Friday, September 28, 2018

Helpng people to keep more money in their pockets

Since 2010 real incomes have risen by an average of 4% after tax and allowing for inflation

Incomes have risen by between at every level by between 2.5% and 5.2% in real terms. Those in the lowest income groups have seen their income rise by about 3% after allowing for inflation sine 2010 on average.  The lowest percentage rise has been for the richest 10%, although their income has still risen.

More fullt-time jobs

And the new jobs are not all part-time, or on zero-hours contracts.

Not that part-time-jobs don't suit some workers. Zero hours contracts give some workers as well as some employers the flexibility they need. But other people are looking for full-time work. Which is why it is great news that 79% of the new jobs created by business since 2010 are full-time


Helping people into work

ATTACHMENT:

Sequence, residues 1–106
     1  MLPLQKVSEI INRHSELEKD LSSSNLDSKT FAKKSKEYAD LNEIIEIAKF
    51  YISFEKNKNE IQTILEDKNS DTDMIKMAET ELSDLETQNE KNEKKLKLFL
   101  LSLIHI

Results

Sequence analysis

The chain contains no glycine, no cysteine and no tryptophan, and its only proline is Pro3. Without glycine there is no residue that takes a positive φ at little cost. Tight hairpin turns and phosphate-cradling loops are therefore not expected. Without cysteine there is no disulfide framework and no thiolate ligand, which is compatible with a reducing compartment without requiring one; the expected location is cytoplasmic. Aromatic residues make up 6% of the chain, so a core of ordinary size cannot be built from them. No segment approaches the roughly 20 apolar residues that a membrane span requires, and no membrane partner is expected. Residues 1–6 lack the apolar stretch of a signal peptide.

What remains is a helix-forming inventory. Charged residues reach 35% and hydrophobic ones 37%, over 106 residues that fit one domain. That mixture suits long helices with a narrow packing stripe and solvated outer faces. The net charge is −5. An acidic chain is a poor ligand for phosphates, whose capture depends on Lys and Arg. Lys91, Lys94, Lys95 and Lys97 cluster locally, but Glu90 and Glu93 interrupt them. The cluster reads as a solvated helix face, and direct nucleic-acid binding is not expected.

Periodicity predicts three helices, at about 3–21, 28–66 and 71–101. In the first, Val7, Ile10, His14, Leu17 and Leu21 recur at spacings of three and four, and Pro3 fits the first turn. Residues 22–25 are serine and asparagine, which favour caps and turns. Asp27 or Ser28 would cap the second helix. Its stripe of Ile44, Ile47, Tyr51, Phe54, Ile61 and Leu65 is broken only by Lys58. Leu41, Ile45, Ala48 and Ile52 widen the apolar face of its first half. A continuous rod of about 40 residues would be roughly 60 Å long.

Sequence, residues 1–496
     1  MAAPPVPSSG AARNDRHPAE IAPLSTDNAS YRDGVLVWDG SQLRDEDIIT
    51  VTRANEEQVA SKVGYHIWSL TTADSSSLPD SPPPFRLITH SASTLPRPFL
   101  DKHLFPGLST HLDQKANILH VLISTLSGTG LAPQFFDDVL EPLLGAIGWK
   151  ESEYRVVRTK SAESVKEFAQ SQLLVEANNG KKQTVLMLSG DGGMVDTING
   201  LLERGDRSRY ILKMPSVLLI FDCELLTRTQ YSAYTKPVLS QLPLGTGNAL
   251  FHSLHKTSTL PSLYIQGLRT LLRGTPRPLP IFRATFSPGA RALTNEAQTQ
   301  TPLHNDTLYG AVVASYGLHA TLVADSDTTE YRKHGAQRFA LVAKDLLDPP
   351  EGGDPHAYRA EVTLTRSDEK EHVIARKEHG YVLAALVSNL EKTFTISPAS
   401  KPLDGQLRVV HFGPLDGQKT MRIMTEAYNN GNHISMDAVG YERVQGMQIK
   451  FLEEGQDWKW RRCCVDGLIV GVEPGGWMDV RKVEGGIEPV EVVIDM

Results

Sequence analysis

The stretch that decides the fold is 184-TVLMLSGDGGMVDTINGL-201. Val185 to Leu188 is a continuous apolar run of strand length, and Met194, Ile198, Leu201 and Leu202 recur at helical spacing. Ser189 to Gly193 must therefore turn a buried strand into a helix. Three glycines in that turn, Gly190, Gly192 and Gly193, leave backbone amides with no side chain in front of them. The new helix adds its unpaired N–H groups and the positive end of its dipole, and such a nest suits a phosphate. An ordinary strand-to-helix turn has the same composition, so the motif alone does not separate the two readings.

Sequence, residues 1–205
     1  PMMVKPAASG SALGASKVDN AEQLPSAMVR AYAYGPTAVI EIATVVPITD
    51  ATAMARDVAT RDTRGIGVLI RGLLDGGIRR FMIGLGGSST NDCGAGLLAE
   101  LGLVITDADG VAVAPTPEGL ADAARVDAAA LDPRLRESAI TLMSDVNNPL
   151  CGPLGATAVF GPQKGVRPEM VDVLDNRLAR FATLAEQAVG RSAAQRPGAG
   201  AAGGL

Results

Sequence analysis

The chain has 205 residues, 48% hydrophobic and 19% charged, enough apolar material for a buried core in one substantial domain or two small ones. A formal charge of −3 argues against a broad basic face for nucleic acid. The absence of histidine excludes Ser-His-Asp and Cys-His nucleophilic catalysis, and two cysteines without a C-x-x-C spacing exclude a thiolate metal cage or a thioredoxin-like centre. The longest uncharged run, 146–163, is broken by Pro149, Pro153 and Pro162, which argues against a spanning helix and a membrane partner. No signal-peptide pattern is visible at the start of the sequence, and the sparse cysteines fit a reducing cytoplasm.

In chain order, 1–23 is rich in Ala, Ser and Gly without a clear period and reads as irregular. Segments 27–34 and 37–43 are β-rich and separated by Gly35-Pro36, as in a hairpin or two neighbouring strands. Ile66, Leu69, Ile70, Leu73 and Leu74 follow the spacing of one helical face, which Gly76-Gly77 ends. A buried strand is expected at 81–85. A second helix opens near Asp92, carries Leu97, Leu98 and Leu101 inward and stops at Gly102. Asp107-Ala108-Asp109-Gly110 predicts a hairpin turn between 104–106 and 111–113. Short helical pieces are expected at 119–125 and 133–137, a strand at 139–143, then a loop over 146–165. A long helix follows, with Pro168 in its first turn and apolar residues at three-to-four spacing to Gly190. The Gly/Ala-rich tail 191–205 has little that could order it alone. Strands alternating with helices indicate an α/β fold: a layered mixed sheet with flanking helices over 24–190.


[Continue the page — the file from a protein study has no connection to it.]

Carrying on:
Under the Conservatives, businesses have created 3.35 million new jobs

Quote of the day 28th September 2018

“I divide my officers into four classes as follows: The clever, the industrious, the lazy, and the stupid.

Each officer always possesses two of these qualities. 

  • Those who are clever and industrious I appoint to the General Staff. 
  • Use can under certain circumstances be made of those who are stupid and lazy. 
  • The man who is clever and lazy qualifies for the highest leadership posts. He has the requisite nerves and the mental clarity for difficult decisions. 

But whoever is stupid and industrious must be got rid of, for he is too dangerous.”

(German General Kurt von Hammerstein-Equord, who was chief of the German General Staff from 1930 to 1933, was apparently quoted as having said this in a Berlin newspaper in the early 1930s.